The people on the front line who create and deliver products and services are privy to the most important strategic data the company has available. They know what customers want, what competitors are doing, and what the latest technology allows.Amy Edmondson, The Fearless Organization
The same authors call the above approach as Strategy as Learning. Its value sits in the capability for organisations to mitigate the risks of failing to integrate Strategy and execution through a deliberate and continual executive-learning process.
The key indicator of a strategy as learning approach lies in how managers interpret early signs of gaps between results and plans. Are they seen as evidence that people are underperforming? Or as data that indicates the initial assumptions were flawed, triggering further tests?Amy C. Edmondson and Paul J. Verdin, Your Strategy Should Be a Hypothesis You Constantly Adjust, HBR November 2017
This means seeing Strategy as a Strategic Learning Process that actively seeks deviations that challenge assumptions that were used to develop the current strategy. We must welcome deviations and surprises because they allow learning, and allow the adaptation of the strategy to the new reality. In a context that changes too quickly, simply pushing harder on execution may only aggravate the problem if the issue is a wrong assumption underpinning the strategy. Or maybe the assumption has simply changed.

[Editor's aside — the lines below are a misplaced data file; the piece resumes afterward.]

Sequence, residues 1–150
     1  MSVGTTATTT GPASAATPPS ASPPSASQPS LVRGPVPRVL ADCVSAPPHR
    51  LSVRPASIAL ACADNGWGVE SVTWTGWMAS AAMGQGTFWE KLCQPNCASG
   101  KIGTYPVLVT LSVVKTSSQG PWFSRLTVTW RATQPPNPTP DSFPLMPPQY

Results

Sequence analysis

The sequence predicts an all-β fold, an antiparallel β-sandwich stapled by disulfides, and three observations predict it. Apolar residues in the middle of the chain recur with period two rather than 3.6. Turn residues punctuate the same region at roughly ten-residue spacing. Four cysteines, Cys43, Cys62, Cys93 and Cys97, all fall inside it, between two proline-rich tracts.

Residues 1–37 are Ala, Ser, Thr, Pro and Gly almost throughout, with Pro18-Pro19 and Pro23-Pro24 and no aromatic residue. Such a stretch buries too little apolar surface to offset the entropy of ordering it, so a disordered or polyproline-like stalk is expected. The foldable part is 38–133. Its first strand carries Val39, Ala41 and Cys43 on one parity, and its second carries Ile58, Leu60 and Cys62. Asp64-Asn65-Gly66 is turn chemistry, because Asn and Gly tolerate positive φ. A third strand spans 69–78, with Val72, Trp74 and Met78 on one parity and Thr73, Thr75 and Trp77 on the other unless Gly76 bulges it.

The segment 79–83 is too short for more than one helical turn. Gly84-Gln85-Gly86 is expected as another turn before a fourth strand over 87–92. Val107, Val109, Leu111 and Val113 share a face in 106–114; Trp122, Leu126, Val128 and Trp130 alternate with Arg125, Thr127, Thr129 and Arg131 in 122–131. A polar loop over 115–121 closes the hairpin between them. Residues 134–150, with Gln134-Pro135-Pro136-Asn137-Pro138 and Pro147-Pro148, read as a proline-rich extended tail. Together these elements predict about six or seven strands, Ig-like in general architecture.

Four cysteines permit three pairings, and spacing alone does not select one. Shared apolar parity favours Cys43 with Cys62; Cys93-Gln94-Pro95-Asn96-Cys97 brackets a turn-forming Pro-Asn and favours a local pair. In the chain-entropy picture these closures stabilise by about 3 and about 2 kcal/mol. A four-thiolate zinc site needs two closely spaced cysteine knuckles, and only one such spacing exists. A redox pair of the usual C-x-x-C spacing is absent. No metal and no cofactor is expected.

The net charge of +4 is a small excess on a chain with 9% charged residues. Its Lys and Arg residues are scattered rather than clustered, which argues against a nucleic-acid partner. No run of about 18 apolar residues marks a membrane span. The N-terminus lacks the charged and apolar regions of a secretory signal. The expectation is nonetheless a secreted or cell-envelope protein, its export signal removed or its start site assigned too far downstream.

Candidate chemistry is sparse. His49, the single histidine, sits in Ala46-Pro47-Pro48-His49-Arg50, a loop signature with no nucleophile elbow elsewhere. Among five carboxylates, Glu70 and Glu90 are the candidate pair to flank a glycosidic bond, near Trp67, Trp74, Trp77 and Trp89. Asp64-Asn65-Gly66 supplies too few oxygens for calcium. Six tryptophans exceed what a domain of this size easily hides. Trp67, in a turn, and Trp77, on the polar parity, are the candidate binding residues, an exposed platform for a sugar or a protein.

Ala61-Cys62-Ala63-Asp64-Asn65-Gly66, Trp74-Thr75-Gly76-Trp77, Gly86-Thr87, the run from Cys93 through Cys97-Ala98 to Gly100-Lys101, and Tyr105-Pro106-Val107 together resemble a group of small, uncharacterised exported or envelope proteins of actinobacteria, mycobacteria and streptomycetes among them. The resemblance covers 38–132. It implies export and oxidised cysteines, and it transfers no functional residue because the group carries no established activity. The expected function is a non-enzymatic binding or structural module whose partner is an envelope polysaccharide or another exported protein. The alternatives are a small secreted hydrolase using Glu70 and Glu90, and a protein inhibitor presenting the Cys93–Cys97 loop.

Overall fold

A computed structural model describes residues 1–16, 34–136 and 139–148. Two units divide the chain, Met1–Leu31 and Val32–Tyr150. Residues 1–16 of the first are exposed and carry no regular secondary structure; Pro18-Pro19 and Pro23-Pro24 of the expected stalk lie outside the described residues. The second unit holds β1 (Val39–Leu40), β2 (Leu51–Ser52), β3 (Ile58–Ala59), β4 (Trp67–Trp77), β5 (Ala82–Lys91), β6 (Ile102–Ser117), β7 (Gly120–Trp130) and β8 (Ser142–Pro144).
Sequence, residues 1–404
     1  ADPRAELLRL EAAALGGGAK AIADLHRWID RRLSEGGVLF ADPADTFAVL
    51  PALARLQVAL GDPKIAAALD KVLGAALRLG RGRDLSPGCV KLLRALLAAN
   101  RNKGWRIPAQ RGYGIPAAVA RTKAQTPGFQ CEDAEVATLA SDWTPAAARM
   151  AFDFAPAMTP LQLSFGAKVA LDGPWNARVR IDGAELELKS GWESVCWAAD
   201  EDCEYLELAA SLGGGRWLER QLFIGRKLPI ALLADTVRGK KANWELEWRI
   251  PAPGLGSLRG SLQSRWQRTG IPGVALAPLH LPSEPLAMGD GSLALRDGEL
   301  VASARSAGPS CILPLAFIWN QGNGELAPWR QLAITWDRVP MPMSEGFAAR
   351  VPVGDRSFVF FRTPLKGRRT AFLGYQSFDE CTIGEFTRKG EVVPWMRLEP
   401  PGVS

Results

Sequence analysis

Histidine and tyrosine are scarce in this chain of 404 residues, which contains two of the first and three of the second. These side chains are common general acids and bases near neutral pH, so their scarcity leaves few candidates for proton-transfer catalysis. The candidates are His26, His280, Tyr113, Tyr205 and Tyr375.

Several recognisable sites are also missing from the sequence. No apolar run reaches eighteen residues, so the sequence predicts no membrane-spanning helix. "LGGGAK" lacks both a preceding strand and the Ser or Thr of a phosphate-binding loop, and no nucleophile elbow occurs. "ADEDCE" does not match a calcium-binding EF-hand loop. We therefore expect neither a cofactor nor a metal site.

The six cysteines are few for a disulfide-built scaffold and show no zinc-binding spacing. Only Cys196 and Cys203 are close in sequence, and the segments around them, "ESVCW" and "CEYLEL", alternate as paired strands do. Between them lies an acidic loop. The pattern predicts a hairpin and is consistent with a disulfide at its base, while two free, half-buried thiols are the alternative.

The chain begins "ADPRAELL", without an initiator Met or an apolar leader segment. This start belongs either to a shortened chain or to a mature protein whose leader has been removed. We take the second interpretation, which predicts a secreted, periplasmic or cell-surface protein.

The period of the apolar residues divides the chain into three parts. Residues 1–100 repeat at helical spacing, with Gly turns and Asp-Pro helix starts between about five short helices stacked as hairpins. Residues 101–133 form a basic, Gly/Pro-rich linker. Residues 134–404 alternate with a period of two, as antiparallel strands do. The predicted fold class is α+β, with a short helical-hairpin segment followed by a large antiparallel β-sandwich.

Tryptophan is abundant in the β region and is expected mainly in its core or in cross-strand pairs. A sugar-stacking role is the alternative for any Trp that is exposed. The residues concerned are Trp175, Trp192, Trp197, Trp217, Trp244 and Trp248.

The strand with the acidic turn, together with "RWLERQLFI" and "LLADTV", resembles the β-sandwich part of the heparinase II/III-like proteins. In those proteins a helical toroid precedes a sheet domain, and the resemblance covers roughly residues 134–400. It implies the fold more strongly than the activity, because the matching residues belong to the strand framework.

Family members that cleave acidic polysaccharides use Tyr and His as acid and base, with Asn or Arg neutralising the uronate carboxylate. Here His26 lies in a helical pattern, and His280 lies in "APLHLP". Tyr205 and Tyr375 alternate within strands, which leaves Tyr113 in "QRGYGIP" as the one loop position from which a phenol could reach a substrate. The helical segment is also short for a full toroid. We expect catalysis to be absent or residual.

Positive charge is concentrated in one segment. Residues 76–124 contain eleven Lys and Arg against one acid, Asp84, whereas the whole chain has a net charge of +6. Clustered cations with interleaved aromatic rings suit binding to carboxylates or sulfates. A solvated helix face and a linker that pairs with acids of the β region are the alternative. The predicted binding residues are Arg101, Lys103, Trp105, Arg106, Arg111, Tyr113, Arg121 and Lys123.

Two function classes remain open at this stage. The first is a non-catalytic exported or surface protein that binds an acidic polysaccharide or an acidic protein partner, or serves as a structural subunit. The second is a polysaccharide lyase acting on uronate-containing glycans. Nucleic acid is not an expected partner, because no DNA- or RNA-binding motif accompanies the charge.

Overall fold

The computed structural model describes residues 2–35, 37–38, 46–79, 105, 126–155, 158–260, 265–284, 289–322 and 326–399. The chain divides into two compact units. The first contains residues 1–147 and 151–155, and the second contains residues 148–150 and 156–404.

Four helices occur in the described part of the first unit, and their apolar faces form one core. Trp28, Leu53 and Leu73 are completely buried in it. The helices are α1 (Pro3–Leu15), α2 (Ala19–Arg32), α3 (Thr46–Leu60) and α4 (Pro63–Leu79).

This means seeing Strategy as a Strategic Learning Process that actively seeks deviations that challenge assumptions that were used to develop the current Strategy. We must welcome variations and surprises because they allow learning, and will enable the adaptation of the Strategy to the new reality. In a context that changes too quickly, merely pushing harder on execution may only aggravate the problem if the issue is a wrong assumption underpinning the Strategy. Or maybe the premise has simply changed.
The biggest problem with the cleavage between Strategy and Execution happens when the situation is Ambiguous. If a company starts perceiving signals from the market that do not “align”, often this leads managers to ignore connected risks, and take a “wait-an-see-attitude”.
Yet, organisations that develop systematic capabilities for identifying, evaluating, and responding to vague threats are much better at avoiding severe problems than those that don’t is the main result of a research done in 2006 by Michael Roberto, Richard M.J. Bohmer and Amy C. Edmondson and published on HBR. They explain that three factors interplay in causing organisations to misread ambiguous threats: human cognition, group dynamics, and organisational culture.